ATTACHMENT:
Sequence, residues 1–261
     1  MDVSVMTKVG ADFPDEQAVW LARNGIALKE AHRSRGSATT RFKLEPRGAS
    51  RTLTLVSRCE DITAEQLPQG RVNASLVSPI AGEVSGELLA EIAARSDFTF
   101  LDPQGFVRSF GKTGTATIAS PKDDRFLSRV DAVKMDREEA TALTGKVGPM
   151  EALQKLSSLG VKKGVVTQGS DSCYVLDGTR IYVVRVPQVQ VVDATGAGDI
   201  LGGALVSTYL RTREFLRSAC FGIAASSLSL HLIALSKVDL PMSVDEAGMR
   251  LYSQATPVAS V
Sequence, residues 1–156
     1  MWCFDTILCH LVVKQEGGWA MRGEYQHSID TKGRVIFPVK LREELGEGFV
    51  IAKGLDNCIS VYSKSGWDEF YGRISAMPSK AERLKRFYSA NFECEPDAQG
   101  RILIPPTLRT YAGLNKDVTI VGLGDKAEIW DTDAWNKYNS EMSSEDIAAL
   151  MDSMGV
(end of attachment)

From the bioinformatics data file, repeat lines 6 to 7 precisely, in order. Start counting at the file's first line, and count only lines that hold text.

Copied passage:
   201  LGGALVSTYL RTREFLRSAC FGIAASSLSL HLIALSKVDL PMSVDEAGMR
   251  LYSQATPVAS V